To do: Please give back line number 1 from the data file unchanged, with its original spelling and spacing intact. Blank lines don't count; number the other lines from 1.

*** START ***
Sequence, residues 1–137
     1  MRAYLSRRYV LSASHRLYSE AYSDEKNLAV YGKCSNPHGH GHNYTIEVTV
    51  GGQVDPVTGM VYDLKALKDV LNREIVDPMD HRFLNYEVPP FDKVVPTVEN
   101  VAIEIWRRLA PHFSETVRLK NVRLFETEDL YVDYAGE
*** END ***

Sequence, residues 1–137